Fluid Dynamics and Acoustics Group



Human Localisation

There are clearly different mechanisms in the localisation of real acoustical events, and of virtual sounds when using headphones. Shaw (1982) proposed that headphone studies of spatial imagery be referred to as 'space perception', since the collection of perceptual data, such as segregation of sound, where a single acoustical event may give rise to more than one auditory event, or ambiguity with respect to whether the sound is externalised (and 'localisation' becomes 'lateralisation'). Most psychoacoustical studies are carried out with headphones, and assume that sound localisation and space perception can be regarded as equivalent.

Binaural cues

Lord Rayleigh's duplex theory (Rayleigh, 1907) was the first to explain how we localise sound: localisation is based on the fact that path lengths are different for the two ears, hence the Interaural Time Difference (ITD), and the head acts as acoustic shadows at higher frequencies producing Interaural Level Difference (ILD). At angles on the median plane or on the 'cone of confusion', additional complex cues are required, and therefore either head movement can resolve ambiguity (Wallach, 1940), or these can be resolved by the filtering of the pinna.
By neglecting the transmission paths within the auditory nervous system, we can assume that binaural cues could be derived by the ratio of the ipsilateral and the contralateral HRTFs in the frequency domain. This ratio produces the ITD and ILD mentioned above. Wightman and Kistler (1997) found that the fact that ITD is frequency dependant and is larger at low frequencies than at high frequencies (Kuhn, 1977) is perceptually irrelevant. Whenever HRTFs are implemented using a minimum phase model (see below), a single value is assigned to the ITD. However, although ITD values are roughly similar among subjects, the auditory nervous system is very sensitive to changes of the interaural phase or timing. The minimum noticeable difference can be as low as 6 msec (see Carlile, 1996, section 2.2.1).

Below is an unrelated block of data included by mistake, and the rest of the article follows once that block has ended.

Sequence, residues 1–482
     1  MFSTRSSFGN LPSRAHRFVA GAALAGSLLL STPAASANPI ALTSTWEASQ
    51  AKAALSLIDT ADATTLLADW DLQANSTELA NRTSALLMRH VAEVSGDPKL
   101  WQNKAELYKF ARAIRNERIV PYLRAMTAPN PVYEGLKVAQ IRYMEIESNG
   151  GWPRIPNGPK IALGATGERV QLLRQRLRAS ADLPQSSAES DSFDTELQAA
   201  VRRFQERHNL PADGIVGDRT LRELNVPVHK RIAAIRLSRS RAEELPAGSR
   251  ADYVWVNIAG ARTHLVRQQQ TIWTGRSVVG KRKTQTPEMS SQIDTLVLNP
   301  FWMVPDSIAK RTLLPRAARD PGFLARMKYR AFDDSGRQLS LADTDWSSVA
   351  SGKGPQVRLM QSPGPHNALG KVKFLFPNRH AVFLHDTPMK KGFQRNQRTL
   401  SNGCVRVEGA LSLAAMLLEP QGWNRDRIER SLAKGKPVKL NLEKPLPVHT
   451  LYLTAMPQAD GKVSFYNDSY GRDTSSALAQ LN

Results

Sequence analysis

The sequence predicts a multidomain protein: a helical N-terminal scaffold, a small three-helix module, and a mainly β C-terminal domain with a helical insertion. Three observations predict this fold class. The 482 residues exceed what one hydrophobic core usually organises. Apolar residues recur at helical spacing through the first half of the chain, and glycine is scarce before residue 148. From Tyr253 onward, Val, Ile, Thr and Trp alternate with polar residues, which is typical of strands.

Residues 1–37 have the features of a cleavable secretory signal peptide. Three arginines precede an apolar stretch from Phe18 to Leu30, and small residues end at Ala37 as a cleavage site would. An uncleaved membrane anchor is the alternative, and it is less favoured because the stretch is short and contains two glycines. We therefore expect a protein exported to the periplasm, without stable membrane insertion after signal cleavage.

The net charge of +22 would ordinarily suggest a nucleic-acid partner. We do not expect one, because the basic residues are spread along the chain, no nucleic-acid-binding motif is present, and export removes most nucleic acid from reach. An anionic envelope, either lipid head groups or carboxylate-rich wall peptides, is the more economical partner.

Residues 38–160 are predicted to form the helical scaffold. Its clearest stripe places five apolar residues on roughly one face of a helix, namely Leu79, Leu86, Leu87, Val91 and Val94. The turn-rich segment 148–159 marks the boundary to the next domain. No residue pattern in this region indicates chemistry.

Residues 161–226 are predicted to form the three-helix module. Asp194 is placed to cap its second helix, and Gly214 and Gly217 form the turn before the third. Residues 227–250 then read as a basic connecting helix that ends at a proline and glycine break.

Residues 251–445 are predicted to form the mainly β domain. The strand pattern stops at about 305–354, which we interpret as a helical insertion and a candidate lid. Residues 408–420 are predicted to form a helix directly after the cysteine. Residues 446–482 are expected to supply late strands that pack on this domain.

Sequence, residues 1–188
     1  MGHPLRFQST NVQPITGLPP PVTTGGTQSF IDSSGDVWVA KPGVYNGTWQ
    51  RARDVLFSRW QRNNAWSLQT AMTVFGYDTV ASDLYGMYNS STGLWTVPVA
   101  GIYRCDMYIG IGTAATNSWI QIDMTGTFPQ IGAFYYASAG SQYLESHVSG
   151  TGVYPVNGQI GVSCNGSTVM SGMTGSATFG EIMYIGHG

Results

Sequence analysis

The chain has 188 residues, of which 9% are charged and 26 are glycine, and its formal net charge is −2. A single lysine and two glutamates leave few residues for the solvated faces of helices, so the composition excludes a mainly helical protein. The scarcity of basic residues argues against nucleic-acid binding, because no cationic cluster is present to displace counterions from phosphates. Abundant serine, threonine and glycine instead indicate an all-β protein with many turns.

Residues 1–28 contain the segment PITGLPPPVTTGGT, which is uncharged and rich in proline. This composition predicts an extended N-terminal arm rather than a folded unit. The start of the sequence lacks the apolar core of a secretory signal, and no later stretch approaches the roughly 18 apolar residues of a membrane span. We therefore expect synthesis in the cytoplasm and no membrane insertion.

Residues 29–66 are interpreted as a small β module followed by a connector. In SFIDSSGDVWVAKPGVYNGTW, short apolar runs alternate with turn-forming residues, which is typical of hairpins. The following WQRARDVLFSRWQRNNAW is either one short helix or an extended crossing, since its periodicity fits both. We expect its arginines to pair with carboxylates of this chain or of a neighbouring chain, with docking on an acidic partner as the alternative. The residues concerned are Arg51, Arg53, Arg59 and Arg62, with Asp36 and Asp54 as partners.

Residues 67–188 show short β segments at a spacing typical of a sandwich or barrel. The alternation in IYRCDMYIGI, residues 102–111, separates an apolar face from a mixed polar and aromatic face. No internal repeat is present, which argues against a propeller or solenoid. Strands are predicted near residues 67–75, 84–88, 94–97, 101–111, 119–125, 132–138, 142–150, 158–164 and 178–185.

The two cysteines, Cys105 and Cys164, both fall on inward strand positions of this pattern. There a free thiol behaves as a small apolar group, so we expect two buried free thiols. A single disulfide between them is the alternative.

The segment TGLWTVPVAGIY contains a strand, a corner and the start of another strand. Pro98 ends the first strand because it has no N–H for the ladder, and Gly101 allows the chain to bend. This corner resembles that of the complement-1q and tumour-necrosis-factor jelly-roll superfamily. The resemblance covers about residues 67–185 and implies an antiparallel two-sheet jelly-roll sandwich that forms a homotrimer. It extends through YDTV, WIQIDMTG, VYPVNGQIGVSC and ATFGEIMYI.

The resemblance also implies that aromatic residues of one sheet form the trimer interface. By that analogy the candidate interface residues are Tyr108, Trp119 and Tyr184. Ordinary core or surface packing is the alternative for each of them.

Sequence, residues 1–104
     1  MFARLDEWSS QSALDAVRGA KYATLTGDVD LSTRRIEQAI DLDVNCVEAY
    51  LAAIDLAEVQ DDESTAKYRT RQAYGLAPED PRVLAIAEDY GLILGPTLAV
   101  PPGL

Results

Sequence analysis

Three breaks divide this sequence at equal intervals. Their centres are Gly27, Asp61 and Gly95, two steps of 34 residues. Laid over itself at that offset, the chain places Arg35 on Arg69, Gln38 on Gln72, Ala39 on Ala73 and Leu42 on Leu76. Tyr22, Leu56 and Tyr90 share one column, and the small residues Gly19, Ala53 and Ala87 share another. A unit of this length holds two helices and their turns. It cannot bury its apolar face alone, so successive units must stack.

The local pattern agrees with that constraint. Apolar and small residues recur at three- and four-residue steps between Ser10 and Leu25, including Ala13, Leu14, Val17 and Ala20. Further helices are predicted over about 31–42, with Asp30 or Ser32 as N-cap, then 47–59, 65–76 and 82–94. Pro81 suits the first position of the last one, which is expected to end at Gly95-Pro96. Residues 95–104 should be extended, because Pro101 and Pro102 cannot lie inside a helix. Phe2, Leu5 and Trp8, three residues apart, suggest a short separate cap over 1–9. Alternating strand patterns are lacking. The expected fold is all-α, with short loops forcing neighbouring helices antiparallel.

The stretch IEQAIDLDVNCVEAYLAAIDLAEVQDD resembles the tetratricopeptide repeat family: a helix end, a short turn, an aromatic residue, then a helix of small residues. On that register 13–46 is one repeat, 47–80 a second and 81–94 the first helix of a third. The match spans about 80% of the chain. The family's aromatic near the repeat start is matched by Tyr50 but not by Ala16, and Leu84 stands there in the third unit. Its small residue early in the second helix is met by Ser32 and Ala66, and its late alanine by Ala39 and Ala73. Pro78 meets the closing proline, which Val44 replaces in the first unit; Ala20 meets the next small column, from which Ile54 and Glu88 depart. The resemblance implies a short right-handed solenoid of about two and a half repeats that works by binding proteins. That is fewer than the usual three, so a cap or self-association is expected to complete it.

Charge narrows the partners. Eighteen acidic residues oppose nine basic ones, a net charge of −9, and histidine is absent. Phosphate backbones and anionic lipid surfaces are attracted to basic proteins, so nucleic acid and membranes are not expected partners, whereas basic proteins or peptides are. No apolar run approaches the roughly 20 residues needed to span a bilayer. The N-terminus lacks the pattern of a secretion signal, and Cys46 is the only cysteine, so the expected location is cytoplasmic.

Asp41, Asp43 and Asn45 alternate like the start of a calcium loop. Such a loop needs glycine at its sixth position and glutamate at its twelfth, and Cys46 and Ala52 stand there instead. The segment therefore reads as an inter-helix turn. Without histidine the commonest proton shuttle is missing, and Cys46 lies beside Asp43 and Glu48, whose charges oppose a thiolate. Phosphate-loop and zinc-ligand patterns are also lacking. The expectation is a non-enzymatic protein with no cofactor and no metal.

The dominance of the ITD cue at low frequencies (below 1.5 kHz) was demonstrated when it was conflicted in a subjective experiment against other localisation cues (Wightman and Kistler, 1992). It was also claimed that the auditory system is sensitive to ITD in the envelopes of high frequency carriers, but this is a less dominant cue.
ILD presentations are very complex, since at high frequencies their dependence with the change of angle is high, and the response varies rapidly between peaks and notches. Their visualisation in different planes reveals some systematic variations, but variations among individuals are high, especially above approximately 8 kHz. It was shown that when ILD are presented in different frequency bands they have similar patterns (Wightman and Kistler, 1997). In addition, similar patterns are noticed for a specific frequency with a change of the elevation angle (Duda, 1997). In the horizontal plane, Middlebrooks and Green (1991) observed that localisation is mainly based on ITD and ILD without pinna cues. However, Musicant and Butler (1984) found that pinna cues indeed helped in resolving front and back confusion, and increased the localisation accuracy when localising sounds within the same quadrant of the horizontal plane.
Another possible binaural cue was suggested by Searle et al (1975), as 'binaural pinna disparity'. These authors proposed that the asymmetry between pinnae geometry and acoustical response aids in median localisation performance. This cue is still regarded as of a second order of significance.

Monaural cues: time domain interpretation

Many psychoacoustical studies demonstrated that it is possible to localise reasonably well with one ear plugged, in both horizontal and elevation angles (see Blauert, 1997, Section 4.4, Carlile, 1996, Section 2.2). However, localisation accuracy is dependent on the spectral contents, the frequency bandwidth of the stimuli, and other factors related to practice and context effects.